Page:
Success Stories

Betsy Hill

By Guest Contributor: Lisa Achoki, Center for Women & Enterprise; Edited by Norman Eng, SBA Massachusetts

Veteran entrepreneurs are increasingly contributing to business creation and growth to the American economy after service. Active duty and reserve service often instills important skills and leadership abilities that are directly relevant to business ownership.  A profile of Veteran’s Business Ownership by SBA’s Office of Advocacy [1] reported that the share of women business owners have increased among both veterans and non-veterans, but at a much greater rate for female veterans.  In 2012, only 4.4 percent of veteran business owners were women – up from 2.5 percent in 2008, almost doubling in numbers.

Betsy Hill had no prior business experience before launching Neighborhoods Café.  A Boston University alumnus, Betsy was a member of the Reserved Officers’ Training Course (ROTC) while in college, and was deployed to Turkey as part of the US Air Force upon her... Read More

Rita Assuncao, Owner

By Guest Contributor: LEAF Fund (Ben Selden, Amine Benali, Chris Hunter, & Gerardo Espinoza), Edited by Norman Eng, SBA Massachusetts

Over the last 20 years, the role of immigrant entrepreneurs has grown. The percentage of the self-employed who were born abroad more than doubled between 1994 and 2015, growing from 8.6 percent to 19.5 percent. A report released by the SBA Office of Advocacy [1] shows that the growth was caused by three changes – an increase in the size of the population born abroad, an increase in self-employment among those born abroad, and a decrease in self-employment overall.

When Rita Assuncao moved to the United States, her entrepreneurial instincts began to fuel a desire for starting and owning her own business. Pao de Queijo or cheese rolls – a popular food back home in Brazil, were not easily found in local supermarkets – so she saw an opportunity to bring a new product to market for an emerging population in the region.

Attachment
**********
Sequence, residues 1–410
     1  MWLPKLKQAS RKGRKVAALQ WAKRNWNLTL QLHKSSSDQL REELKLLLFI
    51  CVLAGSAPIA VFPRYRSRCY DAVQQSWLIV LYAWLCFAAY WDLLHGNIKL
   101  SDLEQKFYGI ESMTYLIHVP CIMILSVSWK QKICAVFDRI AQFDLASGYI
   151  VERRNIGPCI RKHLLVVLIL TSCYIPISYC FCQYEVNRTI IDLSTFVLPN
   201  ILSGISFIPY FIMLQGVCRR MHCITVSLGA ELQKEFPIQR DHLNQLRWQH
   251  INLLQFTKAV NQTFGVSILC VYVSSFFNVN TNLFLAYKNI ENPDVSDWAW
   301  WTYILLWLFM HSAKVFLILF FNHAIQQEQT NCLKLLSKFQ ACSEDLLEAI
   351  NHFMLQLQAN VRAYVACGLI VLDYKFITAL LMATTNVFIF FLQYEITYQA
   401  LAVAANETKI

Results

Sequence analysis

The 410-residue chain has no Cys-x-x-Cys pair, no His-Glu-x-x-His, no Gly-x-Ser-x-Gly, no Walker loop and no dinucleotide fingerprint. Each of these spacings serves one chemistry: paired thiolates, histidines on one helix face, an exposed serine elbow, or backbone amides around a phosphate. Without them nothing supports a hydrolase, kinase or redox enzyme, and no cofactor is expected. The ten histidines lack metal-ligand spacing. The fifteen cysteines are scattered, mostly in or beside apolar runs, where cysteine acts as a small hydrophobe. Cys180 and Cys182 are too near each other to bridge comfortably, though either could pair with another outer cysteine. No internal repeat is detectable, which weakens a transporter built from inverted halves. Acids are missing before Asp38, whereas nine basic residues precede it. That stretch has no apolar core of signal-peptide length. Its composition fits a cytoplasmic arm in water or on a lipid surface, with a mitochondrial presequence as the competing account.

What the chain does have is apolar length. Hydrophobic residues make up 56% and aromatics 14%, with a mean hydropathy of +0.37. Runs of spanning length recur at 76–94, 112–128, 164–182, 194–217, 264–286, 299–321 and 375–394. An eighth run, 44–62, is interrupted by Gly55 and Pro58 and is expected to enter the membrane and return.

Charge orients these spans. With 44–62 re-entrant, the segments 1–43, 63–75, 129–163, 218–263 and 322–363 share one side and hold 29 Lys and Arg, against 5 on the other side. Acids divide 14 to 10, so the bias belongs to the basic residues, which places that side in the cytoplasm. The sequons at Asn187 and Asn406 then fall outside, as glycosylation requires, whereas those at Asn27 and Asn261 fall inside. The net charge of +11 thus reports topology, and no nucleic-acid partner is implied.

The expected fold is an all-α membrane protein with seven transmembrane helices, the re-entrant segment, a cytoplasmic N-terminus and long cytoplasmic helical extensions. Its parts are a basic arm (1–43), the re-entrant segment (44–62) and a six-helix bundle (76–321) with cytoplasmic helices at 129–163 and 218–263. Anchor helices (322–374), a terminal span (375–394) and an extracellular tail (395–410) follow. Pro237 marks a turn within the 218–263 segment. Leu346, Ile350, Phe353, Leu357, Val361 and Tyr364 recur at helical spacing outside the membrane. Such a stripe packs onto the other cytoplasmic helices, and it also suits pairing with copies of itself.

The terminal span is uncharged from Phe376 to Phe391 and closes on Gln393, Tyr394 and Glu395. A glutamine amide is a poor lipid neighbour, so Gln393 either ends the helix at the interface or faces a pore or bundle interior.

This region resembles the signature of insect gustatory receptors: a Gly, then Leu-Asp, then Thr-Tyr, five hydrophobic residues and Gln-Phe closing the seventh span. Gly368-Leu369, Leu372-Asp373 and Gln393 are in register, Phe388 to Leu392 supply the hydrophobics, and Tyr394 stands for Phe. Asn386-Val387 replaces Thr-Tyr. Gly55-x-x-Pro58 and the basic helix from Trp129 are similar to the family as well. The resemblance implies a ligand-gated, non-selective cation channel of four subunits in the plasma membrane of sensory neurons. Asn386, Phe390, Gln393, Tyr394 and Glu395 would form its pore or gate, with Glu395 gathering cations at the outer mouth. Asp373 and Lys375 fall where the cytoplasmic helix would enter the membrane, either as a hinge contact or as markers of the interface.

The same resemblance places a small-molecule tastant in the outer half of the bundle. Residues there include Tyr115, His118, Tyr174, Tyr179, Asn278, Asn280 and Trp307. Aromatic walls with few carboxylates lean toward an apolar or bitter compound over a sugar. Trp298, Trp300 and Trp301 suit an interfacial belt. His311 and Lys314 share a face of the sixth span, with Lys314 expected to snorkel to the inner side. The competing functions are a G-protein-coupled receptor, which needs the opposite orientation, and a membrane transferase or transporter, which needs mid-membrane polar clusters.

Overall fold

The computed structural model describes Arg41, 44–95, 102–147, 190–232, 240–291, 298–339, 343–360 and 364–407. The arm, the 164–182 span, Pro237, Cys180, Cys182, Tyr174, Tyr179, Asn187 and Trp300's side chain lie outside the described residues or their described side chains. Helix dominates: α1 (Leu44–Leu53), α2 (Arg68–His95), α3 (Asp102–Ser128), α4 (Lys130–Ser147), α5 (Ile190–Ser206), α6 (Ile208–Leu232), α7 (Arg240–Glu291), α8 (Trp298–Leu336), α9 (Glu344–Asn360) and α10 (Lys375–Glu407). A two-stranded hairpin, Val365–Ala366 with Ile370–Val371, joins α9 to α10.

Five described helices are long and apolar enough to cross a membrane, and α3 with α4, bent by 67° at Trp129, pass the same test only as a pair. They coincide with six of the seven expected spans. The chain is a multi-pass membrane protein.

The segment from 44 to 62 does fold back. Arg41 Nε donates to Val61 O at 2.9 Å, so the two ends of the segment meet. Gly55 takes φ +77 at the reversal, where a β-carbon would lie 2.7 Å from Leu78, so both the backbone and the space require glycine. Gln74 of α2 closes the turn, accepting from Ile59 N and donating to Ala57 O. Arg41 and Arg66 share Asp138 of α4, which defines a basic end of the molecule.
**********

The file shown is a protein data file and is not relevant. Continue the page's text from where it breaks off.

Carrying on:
Rita’s idea... Read More

Josiane Martinez

According to a new report “Powering Greater Boston’s Economy: Why the Latino Community Is Critical to Our Shared Future,[1]” by The Boston Foundation -- there are about 850,000 Latinos in Massachusetts, representing 12% of the total state population. Latinos are helping to power Greater Boston’s economy in the workforce and as entrepreneurs: 14% of the workforce in Suffolk County is Latino; 10% of privately-held firms are owned by Latinos. The Latino community has a massive effect on the local economy, amounting to approximately $9 billion of economic activity in Suffolk County.  

While nationally Latinos are predominately Mexican -- in Massachusetts, Puerto Ricans (42%) are the largest group of Latinos. After World War II, Puerto Rican migration to Massachusetts began in the Connecticut River Valley towns of Springfield and Holyoke before moving into the cities of Eastern Massachusetts.

Archipelago Strategies Group’s Founder and CEO, Josiane Martinez came to... Read More

Camio Custom Cabinetry

According to a 2007 study -- an estimated 40.3 percent of family business owners expect to retire by 2017 -- creating a substantial transition of small business ownership in the United States.  Of those retiring, less than half expecting to retire in five years have selected a successor.[1]

Camio Custom Cabinetry, a third generation family business – has managed to effectively navigate the succession planning dilemma and address the common pitfalls with support from SBA’s resource network along the way.

70 years ago, Mr. Domenic Constantino started his family business out of a 350-square-foot building in Boston’s Hyde Park neighborhood with little more than a handheld saw and a few dozen boxes of nails.  Camio is an old-fashioned manufacturer of custom cabinetry and millwork for residential and commercial projects consisting of office space buildouts, medical buildings, apartment and condo projects.  Camio is currently located in Canton and has become a leader in the... Read More